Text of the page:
It’s the time of year that fancy restaurants, bars, and car dealerships around New York City relish: bonus season for the traders on Wall Street. But as banks revise how they pay traders, the wealth may be getting spread around a little differently.
As part of a continued effort to shrink the industry’s long-running “bonus culture”—where the employees who made the best trades received the overwhelming majority of yearly bonus payouts—the major banks are seeking to replace it with sizable checks for an entire team of traders.
It’s a move that may irritate some star traders but overall may create a better work environment. “Employees can count on their colleagues and the desk in order to do the right thing and have a steady year,” says Deepali Vyas, a Korn Ferry senior client partner and global head of the firm’s Fintech practice.
In a sense, the pay for Wall Street traders is moving in the opposite direction of how other types of employees are compensated. Many firms when they change compensation systems, want to give more in bonus money to the top performers. Indeed, even some financial service firms have recently ended large bonus program for everyone to increase the money for star employees.
But the increasing use of artificial intelligence in trading has altered some bonus structures. Many of the skills that good traders have used to make big money are now incorporated in trading algorithms. It has become a lot harder to determine whether it was human intuition or savvy software that thought of and executed the trade. That is also why banks are hiring lots of data scientists and coders for their trading divisions. Banks also are changing their compensation systems, in part, because they want employees to take fewer risks. Individual traders have been responsible for super risky trades that backfired, costing the banks, in some cases, hundreds of millions of dollars.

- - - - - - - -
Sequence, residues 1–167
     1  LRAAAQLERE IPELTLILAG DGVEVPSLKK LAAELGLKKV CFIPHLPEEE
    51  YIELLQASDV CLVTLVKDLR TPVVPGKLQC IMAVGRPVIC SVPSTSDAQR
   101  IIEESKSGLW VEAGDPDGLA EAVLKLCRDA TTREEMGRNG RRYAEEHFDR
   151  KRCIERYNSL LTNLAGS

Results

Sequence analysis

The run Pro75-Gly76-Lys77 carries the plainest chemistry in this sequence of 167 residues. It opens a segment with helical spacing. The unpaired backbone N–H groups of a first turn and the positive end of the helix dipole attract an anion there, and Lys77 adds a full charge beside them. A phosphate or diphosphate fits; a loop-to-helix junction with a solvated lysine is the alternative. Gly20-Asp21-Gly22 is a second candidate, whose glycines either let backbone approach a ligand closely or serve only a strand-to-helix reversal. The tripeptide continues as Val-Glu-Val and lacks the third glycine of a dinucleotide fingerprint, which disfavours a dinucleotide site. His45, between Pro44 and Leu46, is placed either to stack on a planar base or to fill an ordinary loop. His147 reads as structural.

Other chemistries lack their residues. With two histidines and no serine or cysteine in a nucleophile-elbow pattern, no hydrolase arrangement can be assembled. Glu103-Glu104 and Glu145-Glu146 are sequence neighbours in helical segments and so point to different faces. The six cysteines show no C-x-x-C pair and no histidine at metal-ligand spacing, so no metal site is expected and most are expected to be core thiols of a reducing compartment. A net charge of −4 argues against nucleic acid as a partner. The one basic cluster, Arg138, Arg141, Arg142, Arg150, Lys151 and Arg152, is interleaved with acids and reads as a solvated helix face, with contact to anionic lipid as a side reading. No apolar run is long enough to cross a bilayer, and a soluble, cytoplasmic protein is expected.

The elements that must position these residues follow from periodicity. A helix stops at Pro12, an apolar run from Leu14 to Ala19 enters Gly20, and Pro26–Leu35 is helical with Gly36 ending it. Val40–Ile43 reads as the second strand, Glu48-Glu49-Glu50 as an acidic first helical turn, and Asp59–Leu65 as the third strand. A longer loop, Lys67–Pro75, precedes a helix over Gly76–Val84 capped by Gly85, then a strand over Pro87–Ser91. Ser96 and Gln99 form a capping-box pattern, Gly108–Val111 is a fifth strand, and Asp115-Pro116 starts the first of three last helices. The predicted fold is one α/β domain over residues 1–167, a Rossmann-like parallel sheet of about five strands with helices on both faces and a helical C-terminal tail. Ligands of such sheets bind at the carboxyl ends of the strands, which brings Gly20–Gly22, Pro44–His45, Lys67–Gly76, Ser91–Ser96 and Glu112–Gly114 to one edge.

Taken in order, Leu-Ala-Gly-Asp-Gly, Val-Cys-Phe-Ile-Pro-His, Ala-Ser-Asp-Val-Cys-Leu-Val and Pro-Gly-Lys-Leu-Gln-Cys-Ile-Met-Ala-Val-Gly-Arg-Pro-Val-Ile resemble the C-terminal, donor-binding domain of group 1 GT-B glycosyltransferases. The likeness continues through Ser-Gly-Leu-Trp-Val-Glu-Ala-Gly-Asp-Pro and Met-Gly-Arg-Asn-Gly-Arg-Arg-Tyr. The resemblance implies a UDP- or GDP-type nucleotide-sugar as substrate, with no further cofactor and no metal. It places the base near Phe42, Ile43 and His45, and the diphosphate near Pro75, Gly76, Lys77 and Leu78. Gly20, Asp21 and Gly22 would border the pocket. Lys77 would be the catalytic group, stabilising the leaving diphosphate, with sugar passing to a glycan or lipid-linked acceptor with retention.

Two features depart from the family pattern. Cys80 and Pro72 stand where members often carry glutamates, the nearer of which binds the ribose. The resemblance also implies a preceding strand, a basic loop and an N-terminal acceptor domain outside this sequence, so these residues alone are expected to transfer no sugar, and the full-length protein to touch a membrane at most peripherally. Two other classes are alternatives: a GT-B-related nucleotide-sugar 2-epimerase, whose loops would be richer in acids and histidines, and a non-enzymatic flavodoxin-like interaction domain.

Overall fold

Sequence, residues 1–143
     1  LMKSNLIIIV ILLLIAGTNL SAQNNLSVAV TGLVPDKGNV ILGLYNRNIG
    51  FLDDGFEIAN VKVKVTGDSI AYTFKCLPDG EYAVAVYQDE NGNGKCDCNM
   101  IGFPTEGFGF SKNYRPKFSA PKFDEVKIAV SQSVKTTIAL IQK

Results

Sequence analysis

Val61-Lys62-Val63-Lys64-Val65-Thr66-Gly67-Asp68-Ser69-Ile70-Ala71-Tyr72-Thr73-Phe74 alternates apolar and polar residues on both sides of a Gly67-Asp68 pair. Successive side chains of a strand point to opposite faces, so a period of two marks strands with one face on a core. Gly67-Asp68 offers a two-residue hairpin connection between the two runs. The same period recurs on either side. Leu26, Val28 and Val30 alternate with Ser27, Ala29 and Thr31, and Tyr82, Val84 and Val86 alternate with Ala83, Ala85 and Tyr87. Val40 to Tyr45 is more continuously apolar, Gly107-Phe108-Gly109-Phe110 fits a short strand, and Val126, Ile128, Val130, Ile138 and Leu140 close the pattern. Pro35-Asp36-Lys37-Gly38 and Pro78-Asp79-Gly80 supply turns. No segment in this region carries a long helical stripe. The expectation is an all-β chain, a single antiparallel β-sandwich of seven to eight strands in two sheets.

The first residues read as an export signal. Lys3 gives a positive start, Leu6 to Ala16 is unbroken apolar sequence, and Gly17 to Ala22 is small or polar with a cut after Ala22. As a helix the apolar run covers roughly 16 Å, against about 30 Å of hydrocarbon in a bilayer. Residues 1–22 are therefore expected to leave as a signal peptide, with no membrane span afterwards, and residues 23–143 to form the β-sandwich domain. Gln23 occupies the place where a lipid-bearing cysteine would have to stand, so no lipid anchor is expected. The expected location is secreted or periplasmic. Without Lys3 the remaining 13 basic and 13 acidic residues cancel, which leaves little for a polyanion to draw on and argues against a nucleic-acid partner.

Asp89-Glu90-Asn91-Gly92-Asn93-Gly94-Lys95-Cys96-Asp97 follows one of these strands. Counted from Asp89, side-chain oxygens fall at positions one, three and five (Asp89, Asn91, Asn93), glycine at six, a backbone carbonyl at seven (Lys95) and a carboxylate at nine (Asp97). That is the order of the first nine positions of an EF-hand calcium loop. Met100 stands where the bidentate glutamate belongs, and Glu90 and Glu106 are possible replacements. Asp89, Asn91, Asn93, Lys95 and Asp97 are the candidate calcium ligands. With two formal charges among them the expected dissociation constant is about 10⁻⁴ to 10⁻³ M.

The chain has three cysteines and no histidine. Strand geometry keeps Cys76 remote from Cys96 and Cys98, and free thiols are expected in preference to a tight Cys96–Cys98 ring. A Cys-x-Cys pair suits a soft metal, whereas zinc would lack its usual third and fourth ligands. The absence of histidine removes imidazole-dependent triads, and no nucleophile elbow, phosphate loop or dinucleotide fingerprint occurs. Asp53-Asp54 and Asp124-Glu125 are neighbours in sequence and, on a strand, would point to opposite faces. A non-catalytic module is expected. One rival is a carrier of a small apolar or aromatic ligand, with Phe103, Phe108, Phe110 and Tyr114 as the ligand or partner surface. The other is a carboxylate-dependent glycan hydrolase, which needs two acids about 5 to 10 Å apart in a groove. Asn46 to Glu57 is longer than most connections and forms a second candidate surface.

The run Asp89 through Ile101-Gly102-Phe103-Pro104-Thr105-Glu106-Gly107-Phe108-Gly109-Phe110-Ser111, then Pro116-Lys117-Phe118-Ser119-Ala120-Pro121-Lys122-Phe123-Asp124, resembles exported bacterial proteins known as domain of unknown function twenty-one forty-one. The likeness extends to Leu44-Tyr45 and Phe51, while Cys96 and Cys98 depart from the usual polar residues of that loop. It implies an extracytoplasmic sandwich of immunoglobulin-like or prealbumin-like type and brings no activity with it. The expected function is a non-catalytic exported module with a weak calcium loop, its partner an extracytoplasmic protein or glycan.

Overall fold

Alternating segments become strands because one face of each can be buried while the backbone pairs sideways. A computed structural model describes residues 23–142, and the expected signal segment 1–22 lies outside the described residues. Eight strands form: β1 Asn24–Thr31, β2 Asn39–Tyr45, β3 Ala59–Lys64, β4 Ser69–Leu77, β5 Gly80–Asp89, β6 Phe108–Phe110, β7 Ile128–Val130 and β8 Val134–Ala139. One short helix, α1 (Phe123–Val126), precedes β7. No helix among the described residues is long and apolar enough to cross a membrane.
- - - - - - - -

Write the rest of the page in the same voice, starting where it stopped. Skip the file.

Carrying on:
How big Wall Street bonuses will be isn’t known yet. Average bonus checks have been flattening out over the past three years, and experts don’t think it will increase much this year even though nearly every asset class increased in value over the last 12 months. Still, traders should get a nice paycheck: Wall Street’s average bonus in 2018 was $153,700, according to the most recent estimates by the New York State Comptroller. Vyas says bank clients believe that the compensation changes are helping them with employee retention. Even among traders, many are looking to switch to places with a more team-oriented environment, she says.
Experts say that any attempt to revamp compensation has to be done carefully, and often only after leaders look at the overall business strategy and talent strategy. “You can’t just say ‘Let’s change pay,’” says Tom McMullen, a Korn Ferry senior client partner and leader of the firm’s North America Total Rewards expertise group. Leaders first have to understand how value is being created for the business, then figure out what types of people create that value.
That isn’t always easy; often, senior leaders within the same company will disagree on the answers to both of those questions. Yet “you start there before fiddling with people’s pay packages,” McMullen says.